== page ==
Teradata SQL Tuning: Minimizing Costs and Maximizing Parallelism

Roland Wenzlofsky

April 23, 2023

minutes reading time

Teradata tuning focuses on optimizing performance while minimizing expenses and maximizing parallel processing.

The primary expenses that can be controlled during SQL tuning are I/O and CPU usage. To grasp its significance, analyzing the fundamental components of a single computer is the optimal approach.

Computers consist of storage devices, RAM, and CPUs.

The CPU relies on data stored in memory for processing.

Disks are reliable storage devices that contain vast amounts of data, ranging from hundreds to thousands of terabytes. This starkly contrasts to RAM-based memory, which only holds thousands of megabytes.

Table rows in Teradata are stored in data blocks that can expand dynamically when new rows are added and contract when rows are removed or updated.

The minimum block size for data is 512 Bytes, but it can increase to one Megabyte.

Executing an SQL SELECT statement necessitates copying one or more data blocks from disks to memory, even if we only read a single table row.

The expense of moving a solitary data block between disk and memory is referred to as an I/O. Data block transfers are expensive due to the relatively sluggish access to disks.

It should be noted that not every read access results in I/Os. Teradata employs a caching mechanism called Teradata Intelligent Memory that stores the frequently accessed data blocks in a dedicated memory area. This ensures the completeness of the statement.

If the necessary data blocks are present in the cache, disk access is avoided. The blocks retrieved from the cache are known as logical input/output (I/O) operations, whereas the data blocks obtained from the disk are known as physical I/O operations.

Typical I/O cost patterns for SQL statements are.


Copy data blocks containing required rows from disk to memory


– Copy data blocks containing required rows from disk to memory
– Apply changes in memory
– Write changed data blocks back to the disk


– Copy data blocks that will hold the new rows from disk to memory
– Assemble the rows in memory
– Write data blocks back to the disk


– Copy data blocks that contain the rows to be deleted from the disk to memory
– Delete the rows in memory
– Write data blocks back to the disk

Dynamically resizing data blocks to accommodate stored rows may result in additional I/O overhead.

For Joins:

Joins may necessitate relocating and sorting data, resulting in significant I/Os. A comprehensive discussion of join costs will be presented in a subsequent chapter.

Minimizing data block transfers is a key optimization objective that can be attained by reducing either the frequency of transfers or the total number of data block transfers (I/Os).

Teradata operates like a singular computer by transferring data between disk and memory.

Teradata’s Shared Nothing Architecture stands apart from a personal computer (PC) because of its parallel unit configuration.

The Shared Nothing Architecture

– Slices a big task vertically into smaller tasks and
– Those tasks are performed independently and simultaneously in parallel

We can imagine each parallel unit as being an independent, single computer.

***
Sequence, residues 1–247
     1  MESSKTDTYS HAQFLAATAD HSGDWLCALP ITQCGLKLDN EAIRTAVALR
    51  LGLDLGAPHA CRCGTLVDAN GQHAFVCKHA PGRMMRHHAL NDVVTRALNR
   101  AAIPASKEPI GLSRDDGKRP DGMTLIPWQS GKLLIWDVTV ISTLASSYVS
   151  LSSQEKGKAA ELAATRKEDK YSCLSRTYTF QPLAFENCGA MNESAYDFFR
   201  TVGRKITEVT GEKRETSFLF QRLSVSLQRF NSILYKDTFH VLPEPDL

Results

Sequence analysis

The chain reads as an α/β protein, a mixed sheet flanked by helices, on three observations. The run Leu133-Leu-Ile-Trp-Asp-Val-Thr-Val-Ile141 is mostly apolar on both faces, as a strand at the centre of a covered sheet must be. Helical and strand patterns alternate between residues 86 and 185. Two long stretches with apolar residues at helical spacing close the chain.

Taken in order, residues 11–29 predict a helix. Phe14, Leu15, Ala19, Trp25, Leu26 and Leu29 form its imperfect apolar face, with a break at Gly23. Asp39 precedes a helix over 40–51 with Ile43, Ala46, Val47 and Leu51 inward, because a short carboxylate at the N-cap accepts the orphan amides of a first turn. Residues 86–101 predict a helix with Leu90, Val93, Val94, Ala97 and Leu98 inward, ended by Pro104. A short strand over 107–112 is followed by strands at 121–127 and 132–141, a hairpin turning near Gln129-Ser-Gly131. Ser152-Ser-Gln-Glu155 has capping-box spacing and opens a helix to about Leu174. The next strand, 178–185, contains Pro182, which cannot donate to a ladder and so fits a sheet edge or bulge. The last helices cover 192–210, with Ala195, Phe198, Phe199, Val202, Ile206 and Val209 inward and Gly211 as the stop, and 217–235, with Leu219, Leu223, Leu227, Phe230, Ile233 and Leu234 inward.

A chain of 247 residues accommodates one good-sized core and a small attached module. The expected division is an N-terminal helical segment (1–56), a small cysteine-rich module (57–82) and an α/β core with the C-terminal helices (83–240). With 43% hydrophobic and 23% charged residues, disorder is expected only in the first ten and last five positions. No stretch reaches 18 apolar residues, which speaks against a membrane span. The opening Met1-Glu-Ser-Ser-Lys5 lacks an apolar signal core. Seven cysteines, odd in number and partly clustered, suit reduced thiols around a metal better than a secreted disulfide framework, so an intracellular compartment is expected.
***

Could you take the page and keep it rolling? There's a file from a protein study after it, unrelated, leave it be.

Teradata’s parallelism relies on three essential components: AMPs (access module processors), PEs (parsing engines), and BYNET, a network that enables the communication between parsing engines and AMPs, as well as AMPs with each other.

These components collectively manage SQL requests.

The Parsing Engine serves as the gateway to the database. Once users successfully access the database, they initiate a Teradata session through which they can submit SQL queries.

Parsing decomposes SQL requests into basic AMP instructions. The Execution Plan, as previously mentioned, provides a high-level overview.

The Parsing Engine delegates processing tasks to all AMPs, transmitting completed work results via the BYNET network to the Parsing Engine. From there, the Parsing Engine conveys these rows to the client tool of choice, such as SQL Assistant or BTEQ.

AMPs handle data blocks and perform database operations, serving as the system’s workhorses. Teradata implements parallelism by distributing table rows among all AMPs.

– AMPs are responsible for storing and retrieving rows
– AMPs sort rows and do aggregations
– AMPs handle all the join processing

These tasks are closely linked to the Execution Plan steps.

The AMPs function concurrently to fulfill the request swiftly. Ideally, each AMP should possess a portion of all the rows within a table. This division of data results in an automatic distribution of labor.

SQL tuning aims to evenly distribute our query’s workload among all parallel units, ensuring that all AMPs return their rows to the Parsing Engine simultaneously. A bottleneck will occur, and the entire system’s performance will be impacted if a single AMP operates slower.

Each AMP possesses its own assigned memory and virtual disk, allowing it to operate autonomously from other AMPs. This feature is a fundamental aspect of a Shared Nothing Architecture.

A virtual disk comprises disk cylinders designated to each AMP, which need not necessarily be situated on a single physical device. Each AMP’s memory and virtual disk are inaccessible to other AMPs.


Maximizing parallelism is a key optimization objective that can be attained by evenly distributing rows across all AMPs during the execution of an SQL statement.

The Primary Index Choice
First, the PDM, then Compression – Measures to reduce Resource Usage

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